At first blush, U.S. Bank's new Altitude Reserve Visa Infinite card has all the markings of a "me too" card, coming on the heels of similar efforts by JPMorgan Chase, Citi and American Express to offer a high-end credit card for the well-heeled willing to pay a high fee for concierge services.
But there are some key differences to the Minneapolis-based bank's approach that observers say make it distinct. The biggest turns on how customers earn the coveted triple points per dollar spent. Other cards in the space tie it mostly to restaurants and travel. The Altitude Reserve, which will be offered starting May 1, also pays triple points on travel purchases, but then offers triple points on mobile purchases on Apple Pay, Android Pay, Samsung Pay or Microsoft Wallet.
The idea is to put the decision-making in the hands of the consumer, said John Steward, president of retail payment solutions for U.S. Bank. Rather than earn them at restaurants, a customer might choose to earn them at a bike shop they often visit, he said.
"The idea is to keep 'me' in control," Steward said.
The adoption of mobile payments has been slower than banks and observers expected it to be. Many believe it to be the future of payments and that is why several of the largest banks are angling to snag a top-of-wallet position. Still, the industry has struggled with figuring out how to determine the best way to spark adoption. Tying rewards to it has emerged as the best way to do it and U.S. Bank’s strategy with the Altitude Reserve card is among the most ambitious.
“This is one of the more aggressive attempts we’ve seen to juice mobile spending through carrots,” said Peter Wannemacher, a senior analyst at Forrester.
Wannemacher said he expects the card to do well, but won’t achieve market dominance. Essentially, people who use it may love it, but others might not see the appeal. The challenge is that removing friction matters more to consumers than rewards, he said. And currently, there is not a lot of friction in using a card.
“It’s the convenience quotient,” Wannemacher said. “Using a card is the way we’ve done it for the past four decades and that is really hard to overcome.”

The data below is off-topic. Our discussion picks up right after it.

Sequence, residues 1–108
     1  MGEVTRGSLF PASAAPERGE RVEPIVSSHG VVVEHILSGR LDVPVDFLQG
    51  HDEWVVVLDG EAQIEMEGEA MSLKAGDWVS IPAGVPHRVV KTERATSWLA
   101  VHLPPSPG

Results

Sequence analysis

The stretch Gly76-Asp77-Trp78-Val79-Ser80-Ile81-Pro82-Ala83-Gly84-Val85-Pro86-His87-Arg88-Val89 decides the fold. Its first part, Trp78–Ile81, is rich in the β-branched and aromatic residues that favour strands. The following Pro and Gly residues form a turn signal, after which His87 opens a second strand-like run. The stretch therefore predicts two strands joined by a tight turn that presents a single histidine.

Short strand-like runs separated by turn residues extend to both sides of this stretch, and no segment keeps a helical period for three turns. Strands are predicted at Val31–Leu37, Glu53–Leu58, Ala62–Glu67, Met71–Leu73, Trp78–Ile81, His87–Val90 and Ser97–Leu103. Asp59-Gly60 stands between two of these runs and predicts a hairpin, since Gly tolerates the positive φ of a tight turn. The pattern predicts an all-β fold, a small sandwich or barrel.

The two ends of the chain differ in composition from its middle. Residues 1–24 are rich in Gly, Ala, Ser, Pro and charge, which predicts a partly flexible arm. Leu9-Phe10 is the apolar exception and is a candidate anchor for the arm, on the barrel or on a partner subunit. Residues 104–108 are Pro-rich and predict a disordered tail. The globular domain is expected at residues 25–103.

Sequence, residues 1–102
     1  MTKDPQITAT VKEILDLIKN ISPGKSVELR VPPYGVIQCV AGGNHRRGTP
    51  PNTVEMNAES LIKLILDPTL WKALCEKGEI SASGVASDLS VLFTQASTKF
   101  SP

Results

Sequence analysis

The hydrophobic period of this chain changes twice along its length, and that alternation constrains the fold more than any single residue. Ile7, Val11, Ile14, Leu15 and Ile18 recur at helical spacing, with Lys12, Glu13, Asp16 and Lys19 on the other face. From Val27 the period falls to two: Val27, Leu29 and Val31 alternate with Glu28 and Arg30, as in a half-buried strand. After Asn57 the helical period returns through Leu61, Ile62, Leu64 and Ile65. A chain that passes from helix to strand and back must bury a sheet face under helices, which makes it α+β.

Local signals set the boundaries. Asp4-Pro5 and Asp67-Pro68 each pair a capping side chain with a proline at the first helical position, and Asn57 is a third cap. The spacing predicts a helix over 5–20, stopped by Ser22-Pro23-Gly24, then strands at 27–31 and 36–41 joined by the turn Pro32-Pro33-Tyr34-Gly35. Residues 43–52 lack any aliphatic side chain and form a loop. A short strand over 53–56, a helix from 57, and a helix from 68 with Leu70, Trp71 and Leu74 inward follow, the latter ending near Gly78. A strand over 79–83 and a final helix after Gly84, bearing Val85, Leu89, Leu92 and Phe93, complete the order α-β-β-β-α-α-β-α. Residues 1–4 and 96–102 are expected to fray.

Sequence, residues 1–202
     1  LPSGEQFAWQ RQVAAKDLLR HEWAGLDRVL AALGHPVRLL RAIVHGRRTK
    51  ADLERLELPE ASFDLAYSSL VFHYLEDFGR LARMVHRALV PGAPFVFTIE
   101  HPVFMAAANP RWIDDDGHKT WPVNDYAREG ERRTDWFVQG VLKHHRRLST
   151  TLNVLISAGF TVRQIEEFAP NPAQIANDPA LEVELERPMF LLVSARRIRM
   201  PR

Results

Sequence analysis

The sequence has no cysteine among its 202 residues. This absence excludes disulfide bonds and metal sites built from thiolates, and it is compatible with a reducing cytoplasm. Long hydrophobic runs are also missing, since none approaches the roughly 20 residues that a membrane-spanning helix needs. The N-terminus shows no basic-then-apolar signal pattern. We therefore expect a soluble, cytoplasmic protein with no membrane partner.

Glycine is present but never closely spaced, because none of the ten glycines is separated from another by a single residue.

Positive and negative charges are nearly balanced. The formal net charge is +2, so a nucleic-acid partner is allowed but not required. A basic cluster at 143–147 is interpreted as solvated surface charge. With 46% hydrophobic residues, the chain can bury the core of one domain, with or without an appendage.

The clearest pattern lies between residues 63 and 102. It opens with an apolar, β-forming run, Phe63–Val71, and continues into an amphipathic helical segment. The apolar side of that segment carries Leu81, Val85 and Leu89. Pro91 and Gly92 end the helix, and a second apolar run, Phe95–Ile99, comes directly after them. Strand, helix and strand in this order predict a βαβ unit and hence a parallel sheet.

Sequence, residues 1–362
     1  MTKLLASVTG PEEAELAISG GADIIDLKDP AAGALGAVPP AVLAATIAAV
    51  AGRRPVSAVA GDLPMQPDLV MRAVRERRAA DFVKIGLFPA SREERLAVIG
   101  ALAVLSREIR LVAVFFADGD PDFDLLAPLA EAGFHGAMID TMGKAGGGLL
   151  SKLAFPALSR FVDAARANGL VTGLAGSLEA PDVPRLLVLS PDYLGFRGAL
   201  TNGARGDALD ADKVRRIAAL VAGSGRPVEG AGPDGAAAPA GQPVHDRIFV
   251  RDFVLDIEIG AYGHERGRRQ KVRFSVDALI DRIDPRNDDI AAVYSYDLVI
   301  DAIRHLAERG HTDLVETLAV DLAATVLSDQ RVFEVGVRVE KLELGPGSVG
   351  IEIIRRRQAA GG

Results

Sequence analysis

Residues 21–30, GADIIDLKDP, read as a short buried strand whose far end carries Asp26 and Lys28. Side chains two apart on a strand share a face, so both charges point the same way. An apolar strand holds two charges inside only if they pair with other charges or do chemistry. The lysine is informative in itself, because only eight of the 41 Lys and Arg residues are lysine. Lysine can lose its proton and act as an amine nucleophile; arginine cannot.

Still, Steward said the customers the bank is targeting for the card wanted the ability to earn and redeem rewards via their mobile devices.
“We heard from customers that they do everything from their phone and asked for a rewards experience that capitalizes on the control consumers have from managing everything in one place,” Steward said. “So we designed a card that both allows for earning and redemption via mobile.”
The other distinction for the Altitude Reserve card is who can get it: only customers with other accounts at U.S. Bank. A noncustomer interested in the offering could open a new account, but they could wait up to 35 days before becoming eligible.
That difference is important and could help lower acquisition costs, observers said. JPMorgan’s fourth-quarter earnings took a hit related to the acquisition costs of Sapphire Reserve, but U.S. Bank hopes to avoid a similar fate.
“We would anticipate being able to utilize this type of product to get better penetration with respect to” existing wealth and private clients, Terry Dolan, U.S. Bank's chief financial officer, said in an interview.
"The approach that we’ll take will be a bit different than the Sapphire card, as an example, because we’re not necessarily going to chase volume through huge rewards,” Dolan added. “I know that JPMorgan views that as the right strategy, and who knows, only time will tell.”
It is essentially a cross-selling strategy and one that is going to set the card apart, says Ron Shevlin, director of research at Cornerstone Advisors.
The targeting of existing customers “significantly” lowers acquisition costs. Additionally, this product is likely to appeal primarily to millennials, who are beginning to shift from using debit cards to credit cards. And lastly, interchange fees on credit cards are higher than debit cards.
“At first, this reminded me of the movie 'Spinal Tap' — ‘This amp goes to 11,’ “ Shevlin said. “But it sounds like they closely studied the economics of it and it seems like a smart move on their part.”
Kristin Broughton contributed to this article.